South Korea will start receiving advanced surveillance planes from US aircraft giant Boeing this year, officials said Wednesday.
The first of the modified Boeing 737 Airborne Early Warning and Control (AEW&C) planes will be delivered to South Korea's air force in July, a defence ministry spokesman said.
It has successfully completed test flights and is now in the final stage of evaluation, he said.
The remaining three being built under a 1.6 billion dollar deal in 2006 will be delivered by the end of 2012, he said.
Military officials said the planes would strengthen Seoul's capacity to carry out air surveillance of North Korea.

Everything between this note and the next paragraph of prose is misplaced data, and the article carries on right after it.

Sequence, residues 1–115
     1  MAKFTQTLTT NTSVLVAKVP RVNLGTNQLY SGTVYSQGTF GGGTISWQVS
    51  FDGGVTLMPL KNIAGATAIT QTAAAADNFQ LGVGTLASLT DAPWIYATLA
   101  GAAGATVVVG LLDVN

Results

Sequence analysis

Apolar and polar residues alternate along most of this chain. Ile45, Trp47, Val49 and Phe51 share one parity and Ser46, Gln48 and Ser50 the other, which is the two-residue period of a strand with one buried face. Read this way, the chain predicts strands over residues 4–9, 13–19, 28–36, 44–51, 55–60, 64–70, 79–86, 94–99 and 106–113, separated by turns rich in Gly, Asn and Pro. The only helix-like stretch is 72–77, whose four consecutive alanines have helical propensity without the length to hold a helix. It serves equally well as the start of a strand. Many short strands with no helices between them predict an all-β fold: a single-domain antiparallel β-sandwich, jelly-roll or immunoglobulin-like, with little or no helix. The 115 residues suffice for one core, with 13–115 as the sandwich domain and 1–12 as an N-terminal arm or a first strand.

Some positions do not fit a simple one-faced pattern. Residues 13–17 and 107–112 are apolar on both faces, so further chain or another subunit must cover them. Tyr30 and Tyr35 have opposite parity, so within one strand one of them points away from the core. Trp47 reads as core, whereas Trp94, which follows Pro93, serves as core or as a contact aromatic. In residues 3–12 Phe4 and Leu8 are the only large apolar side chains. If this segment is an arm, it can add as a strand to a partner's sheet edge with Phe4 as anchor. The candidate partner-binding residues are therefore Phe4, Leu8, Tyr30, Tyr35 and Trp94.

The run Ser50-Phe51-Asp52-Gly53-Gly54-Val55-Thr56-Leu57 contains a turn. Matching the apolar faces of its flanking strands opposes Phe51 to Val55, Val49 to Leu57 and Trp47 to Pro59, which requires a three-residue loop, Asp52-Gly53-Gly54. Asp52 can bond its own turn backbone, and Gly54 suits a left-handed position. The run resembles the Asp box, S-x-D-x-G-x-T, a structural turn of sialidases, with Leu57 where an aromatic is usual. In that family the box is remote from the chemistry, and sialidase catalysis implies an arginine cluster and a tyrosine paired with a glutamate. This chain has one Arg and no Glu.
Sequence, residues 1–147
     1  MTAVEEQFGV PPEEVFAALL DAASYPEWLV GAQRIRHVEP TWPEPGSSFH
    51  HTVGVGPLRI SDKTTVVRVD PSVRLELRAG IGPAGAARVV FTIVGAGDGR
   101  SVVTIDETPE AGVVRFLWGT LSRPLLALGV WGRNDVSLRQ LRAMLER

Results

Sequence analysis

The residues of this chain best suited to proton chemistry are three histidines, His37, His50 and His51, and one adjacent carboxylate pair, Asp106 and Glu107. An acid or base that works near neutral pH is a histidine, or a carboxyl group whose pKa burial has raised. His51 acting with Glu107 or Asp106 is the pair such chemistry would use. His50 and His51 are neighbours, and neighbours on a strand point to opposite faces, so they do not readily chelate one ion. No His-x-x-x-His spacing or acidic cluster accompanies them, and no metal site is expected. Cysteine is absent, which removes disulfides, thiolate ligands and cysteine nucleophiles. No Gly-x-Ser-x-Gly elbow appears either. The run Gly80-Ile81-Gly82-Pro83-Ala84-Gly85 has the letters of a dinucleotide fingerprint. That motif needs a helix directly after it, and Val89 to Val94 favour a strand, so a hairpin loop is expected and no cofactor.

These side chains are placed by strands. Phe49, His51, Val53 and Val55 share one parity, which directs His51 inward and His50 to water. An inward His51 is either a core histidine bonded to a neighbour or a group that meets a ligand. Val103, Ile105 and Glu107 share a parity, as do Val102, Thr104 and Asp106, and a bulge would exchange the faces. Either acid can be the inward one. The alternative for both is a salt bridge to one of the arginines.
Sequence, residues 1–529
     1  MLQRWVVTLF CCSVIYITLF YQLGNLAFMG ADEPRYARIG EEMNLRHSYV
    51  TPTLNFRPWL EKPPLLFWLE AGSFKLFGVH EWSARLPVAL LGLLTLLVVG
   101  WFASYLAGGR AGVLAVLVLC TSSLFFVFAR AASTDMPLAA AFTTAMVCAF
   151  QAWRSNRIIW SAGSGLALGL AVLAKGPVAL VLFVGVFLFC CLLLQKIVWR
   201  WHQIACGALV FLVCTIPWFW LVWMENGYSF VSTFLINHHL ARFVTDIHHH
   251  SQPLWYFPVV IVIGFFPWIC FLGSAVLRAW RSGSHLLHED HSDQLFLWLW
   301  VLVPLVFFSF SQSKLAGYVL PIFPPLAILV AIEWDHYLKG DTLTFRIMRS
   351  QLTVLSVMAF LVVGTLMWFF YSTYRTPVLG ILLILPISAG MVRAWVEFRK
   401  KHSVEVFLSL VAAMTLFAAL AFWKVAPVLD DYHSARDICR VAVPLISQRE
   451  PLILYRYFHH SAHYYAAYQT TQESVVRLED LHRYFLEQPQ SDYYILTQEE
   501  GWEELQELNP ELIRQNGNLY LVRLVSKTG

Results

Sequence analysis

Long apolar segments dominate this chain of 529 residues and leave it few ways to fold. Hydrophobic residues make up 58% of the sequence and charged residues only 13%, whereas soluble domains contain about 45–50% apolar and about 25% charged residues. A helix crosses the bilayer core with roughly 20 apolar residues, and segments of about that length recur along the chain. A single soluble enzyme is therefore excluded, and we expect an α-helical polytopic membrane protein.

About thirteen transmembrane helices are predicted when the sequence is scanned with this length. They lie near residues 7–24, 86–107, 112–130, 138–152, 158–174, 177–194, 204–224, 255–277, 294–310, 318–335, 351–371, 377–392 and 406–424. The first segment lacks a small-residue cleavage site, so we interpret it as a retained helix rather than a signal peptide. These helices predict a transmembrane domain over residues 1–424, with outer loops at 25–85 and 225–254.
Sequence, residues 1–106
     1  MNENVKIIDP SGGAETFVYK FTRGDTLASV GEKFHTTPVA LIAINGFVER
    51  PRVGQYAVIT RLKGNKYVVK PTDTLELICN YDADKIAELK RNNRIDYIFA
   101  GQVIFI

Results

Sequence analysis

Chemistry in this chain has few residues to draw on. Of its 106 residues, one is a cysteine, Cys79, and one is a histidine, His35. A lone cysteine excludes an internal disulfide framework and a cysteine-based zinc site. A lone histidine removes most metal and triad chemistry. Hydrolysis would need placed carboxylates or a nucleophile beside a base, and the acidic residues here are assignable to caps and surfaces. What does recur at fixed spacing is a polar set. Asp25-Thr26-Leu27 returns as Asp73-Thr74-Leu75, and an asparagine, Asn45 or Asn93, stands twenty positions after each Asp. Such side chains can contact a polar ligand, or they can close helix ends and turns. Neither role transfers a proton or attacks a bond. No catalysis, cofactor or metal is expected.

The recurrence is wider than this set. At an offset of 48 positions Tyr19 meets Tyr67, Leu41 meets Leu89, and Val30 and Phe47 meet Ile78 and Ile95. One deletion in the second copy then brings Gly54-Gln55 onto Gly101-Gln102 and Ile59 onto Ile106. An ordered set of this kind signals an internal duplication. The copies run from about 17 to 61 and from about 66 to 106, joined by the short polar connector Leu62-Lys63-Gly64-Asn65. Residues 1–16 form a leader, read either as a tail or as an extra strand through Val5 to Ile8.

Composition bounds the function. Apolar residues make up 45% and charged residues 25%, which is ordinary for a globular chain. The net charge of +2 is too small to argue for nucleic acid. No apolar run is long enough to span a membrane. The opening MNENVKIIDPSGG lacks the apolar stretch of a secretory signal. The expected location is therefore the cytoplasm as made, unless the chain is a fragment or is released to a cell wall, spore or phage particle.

South Korea currently has no high-altitude air surveillance system of its own and depends on US airborne reconnaissance aircraft based at Okinawa in Japan.
The AEW&C encompasses a variety of aircraft control and advanced radar systems that can track airborne and maritime targets simultaneously, and direct fighter jets and ships to engage them.
It has an operational ceiling of 12,400 meters (41,000 feet) and can carry two pilots and up to 10 mission crew.